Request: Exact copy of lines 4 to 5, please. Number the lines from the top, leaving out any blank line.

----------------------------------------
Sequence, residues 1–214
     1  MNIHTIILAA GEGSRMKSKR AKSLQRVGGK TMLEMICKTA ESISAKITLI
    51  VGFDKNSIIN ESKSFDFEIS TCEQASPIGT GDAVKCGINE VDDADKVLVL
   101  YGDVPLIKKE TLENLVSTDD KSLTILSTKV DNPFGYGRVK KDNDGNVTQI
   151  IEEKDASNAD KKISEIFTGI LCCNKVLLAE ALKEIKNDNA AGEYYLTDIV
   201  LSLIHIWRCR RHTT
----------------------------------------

   101  YGDVPLIKKE TLENLVSTDD KSLTILSTKV DNPFGYGRVK KDNDGNVTQI
   151  IEEKDASNAD KKISEIFTGI LCCNKVLLAE ALKEIKNDNA AGEYYLTDIV